10 Terrific Alphabet Books to Treasure With Your Kids

10 Terrific Alphabet Books to Treasure With Your Kids

Teaching the alphabet to toddlers, preschoolers or kindergartners doesn’t ever have to be tedious or boring, or hard work – for you or your child. It can and should be fun and easy for everyone in your family.

alphabet books for childrenAlphabet books are an important part of your family library.They provide exposure to letters and sounds with all the benefits of reading aloud to your child.

Kids who have seen and heard the alphabet through the happy experience of being read aloud to by a loving adult will absorb so much knowledge about letters and sounds. You’ll be amazed at how easily and naturally it happens.

Try to snuggle up together with at least one alphabet book every day. Keep book baskets in convenient places throughout your home, and make sure each basket contains an inviting alphabet book. Stow a couple in the back seat of the car, and send one along on trips to the grandparents’ house.

The great thing about alphabet books is that as soon as your child can recognize a handful of letters, they can “read” an alphabet book by looking for the letters they know.

This list was so hard to narrow down, but here are ten of my favorite alphabet books, in no particular order.

This post contains affiliate links. If you make a purchase through an affiliate link, A Family of Readers makes a small commission.

 

A to Z by Sandra Boynton

My husband and I loved reading Sandra Boynton books to our kids. A to Z by Sandra Boynton is filled with her whimsical animal characters, each one representing a letter and performing an activity starting with that same letter.

Most of the activities are likely to be familiar to young children, but some provide more unique opportunities for vocabulary development. My personal favorite is “Aardvark Admiring,” with an illustration of a smiling aardvark adjusting his bowtie.

There’s no particular storyline – just simple, clear illustrations of one animal and one activity representing each letter. It’s a great book for introducing the alphabet to toddlers, and preschoolers can quickly memorize it and “read” it to themselves.

how to teach your child to recognize the letters of the alphabet

Max’s ABC by Rosemary Wells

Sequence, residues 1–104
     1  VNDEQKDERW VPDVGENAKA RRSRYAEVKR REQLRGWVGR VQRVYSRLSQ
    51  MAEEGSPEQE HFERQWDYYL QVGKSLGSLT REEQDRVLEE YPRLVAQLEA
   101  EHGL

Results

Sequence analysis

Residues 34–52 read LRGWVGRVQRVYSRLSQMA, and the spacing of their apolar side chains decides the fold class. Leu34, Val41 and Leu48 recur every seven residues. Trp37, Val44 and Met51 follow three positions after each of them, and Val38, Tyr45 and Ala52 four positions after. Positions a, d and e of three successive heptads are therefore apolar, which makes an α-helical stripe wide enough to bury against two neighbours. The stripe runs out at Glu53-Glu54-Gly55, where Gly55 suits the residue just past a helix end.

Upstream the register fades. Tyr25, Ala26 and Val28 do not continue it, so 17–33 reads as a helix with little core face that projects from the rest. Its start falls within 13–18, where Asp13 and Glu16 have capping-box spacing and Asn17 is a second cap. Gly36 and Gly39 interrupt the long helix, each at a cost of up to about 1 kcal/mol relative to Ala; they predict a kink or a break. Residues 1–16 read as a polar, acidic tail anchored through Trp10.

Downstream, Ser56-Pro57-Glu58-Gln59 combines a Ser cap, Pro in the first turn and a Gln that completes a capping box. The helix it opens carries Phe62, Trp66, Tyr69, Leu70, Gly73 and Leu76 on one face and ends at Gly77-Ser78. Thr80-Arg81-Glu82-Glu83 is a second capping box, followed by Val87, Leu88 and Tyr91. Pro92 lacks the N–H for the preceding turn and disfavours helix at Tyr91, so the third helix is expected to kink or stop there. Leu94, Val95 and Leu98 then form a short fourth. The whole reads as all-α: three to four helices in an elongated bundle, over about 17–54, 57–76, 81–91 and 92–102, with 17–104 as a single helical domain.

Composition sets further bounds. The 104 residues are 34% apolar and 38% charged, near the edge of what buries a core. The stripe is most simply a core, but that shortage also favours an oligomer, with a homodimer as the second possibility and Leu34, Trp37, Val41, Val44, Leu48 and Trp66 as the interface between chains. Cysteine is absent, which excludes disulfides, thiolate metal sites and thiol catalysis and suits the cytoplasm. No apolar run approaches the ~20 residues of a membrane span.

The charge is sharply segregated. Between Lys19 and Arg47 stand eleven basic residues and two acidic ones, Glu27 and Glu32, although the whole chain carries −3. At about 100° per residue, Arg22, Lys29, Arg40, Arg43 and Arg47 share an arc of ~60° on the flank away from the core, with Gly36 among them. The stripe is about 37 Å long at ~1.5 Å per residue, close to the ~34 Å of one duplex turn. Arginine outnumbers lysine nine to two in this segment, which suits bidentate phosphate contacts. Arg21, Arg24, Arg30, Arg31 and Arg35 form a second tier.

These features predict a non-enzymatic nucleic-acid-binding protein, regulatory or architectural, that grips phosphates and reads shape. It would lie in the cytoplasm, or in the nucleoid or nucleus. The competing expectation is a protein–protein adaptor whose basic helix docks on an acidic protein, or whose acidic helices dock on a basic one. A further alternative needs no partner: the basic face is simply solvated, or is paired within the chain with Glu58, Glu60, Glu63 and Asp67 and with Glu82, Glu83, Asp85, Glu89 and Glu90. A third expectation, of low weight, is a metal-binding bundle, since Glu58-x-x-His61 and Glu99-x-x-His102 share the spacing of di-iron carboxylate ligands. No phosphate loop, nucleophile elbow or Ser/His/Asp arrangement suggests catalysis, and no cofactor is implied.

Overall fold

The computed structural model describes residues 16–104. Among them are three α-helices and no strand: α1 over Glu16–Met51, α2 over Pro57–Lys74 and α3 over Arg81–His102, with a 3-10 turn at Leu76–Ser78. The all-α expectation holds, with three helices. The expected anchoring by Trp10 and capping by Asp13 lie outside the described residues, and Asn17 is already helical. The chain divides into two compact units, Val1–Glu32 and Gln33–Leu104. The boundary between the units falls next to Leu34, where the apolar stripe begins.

Next up is Max’s ABC by Rosemary Wells. The “Max” books by Rosemary Wells are subtly hilarious and the sibling relationship between Max and Ruby is so sweet.

I’ve seen kids get so excited when they realize that they already know Max and Ruby from other books and the Nick Jr. television show.

This alphabet book features a silly storyline that gets crazier and crazier as Ruby tries to help Max solve the problems created when his ants escape from their ant farm. I love that each page focuses on just one letter while still maintaining a plot! The rhythm of the story makes it fun for adults to read and easy for kids to chime along with. 

(As an aside, a great thing about the 40+ Max books is that there is one for just about every childhood experience imaginable.) I always enjoyed finding books that matched what was going on in my kids’ lives when they were little.

how to teach your child to recognize the letters of the alphabet

Chicka Chicka Boom Boom

No list of alphabet books would be complete without the classic Chicka Chicka Boom Boom by Bill Martin, Jr.  I included this book in this post, and everything I said over there applies here, too.

I appreciate that this book features lowercase letters in addition to uppercase letters. (One of my pet peeves is that kids need exposure to both uppercase and lowercase letters, right from the start.)  I also love that John Archambault illustrated the letters crisply and clearly so that it’s easy for children to tell them apart and notice the differences in their shapes.

how to teach your child to recognize the letters of the alphabet

 

 

The Sleepy Little Alphabet by Judy Sierra

How cute is the idea of Alphabet Town? In The Sleepy Little Alphabet, parents (the uppercase or capital letters) are trying to put the children (the lowercase letters) to bed. It is not going smoothly. Excuses and stalling abound, and will be familiar to parents and children alike.

To me, half the fun of the naughtiness and silliness is in the expressions on the letters’ faces. The uppercase parents actually look harassed, and the lowercase kids are gleeful.